Willpower: exercise it like a muscle!

Ever feel like you’re in “Foodaholics Anonymous?”  We are tempted to do the sit around in a circle and introduce ourselves like this: “Hi my name is Chris, I have a sweet and salty tooth and it’s been one month since I last had a chocolate covered pretzel.”  We also do the following to ourselves a lot:

1) Identify the temptation.

2) Obsess about the temptation.

3) Fall flat on our faces when temptation is in front of us.

4) Feel bad about ourselves for failing to avoid the temptation and blame it on our lack of willpower.

5) Repeat step 1.

Sound familiar?  There’s probably a similar dialogue about why we don’t get on the healthy lifestyle bandwagon too but replace the steps with reasons why we don’t have time to exercise.

There is a way of thought that I ran across called Akrasia: act against your own best interest.  Our brains are hard wired to obtain satisfaction through our actions.  So if our brains are thinking: “It feels so good when I eat a chocolate covered pretzel.”  We immediately associate the object or action of eating as positive and when we eat it our good endorphins get released.  It’s a chemical response that is learned; we convince our bodies that it’s in our best interest to eat whatever we’re tempted with.  So, what do we do about this?  Remap our brains and start exercising our willpower.

Willpower is like a muscle, the more we use it the stronger it gets.  So instead of obsessing over the weakness we have we need to start saying “No” or start making the positive change in our lives.  But how about this idea, reward yourself for saying “No” by altering the reward; willpower is your reward.  Akrasia encourages us to accept that our current satisfaction wiring is skewed so what our brains perceive as our best interest is ultimately not beneficial for us.  As we start exercising our willpower with one positive decision a day we start associating the same satisfaction of strengthening our willpower with our best interests and we feel good about it.  It’s not going to happen over night, it’s like any exercise regimen.  Do it progressively, make one good change a day; say no to one temptation a day for a week, and then keep improving on that.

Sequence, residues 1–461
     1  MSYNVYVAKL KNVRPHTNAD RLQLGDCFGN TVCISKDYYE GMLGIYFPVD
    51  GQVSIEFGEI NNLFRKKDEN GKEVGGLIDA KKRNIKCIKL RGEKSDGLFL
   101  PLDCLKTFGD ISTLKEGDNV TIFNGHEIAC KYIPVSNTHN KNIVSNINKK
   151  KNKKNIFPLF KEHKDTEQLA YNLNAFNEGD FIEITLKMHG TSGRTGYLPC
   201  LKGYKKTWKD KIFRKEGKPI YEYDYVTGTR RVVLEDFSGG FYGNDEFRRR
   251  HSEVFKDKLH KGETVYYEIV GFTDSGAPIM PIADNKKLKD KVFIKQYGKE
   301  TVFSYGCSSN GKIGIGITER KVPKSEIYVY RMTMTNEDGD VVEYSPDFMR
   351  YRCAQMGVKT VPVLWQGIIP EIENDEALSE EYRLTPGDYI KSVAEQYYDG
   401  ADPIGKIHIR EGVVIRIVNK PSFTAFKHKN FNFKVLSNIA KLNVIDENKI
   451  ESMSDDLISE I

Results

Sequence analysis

The research convention says that carbohydrate addictions yield similar responses to drug addictions like cocaine.  That’s a learned response.  Willpower actually delivers a similar endorphin release if we train our bodies to accept it as the reward.  So the next time there’s a temptation, say no and feel your willpower strengthen!  Start exercising on a regular basis and notice how it makes you feel after, then exercise in order to get the feeling.

Remap your brain with willpower and you’ll see the awesome results!

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About Chris Tse

I’m a scientist turned owner of Blitz Conditioning, a Fitness Columnist at CBC Radio on Thursdays at 8:20 am, and owner of Tse Social Strategy. Follow me on Twitter or Read my full bio.

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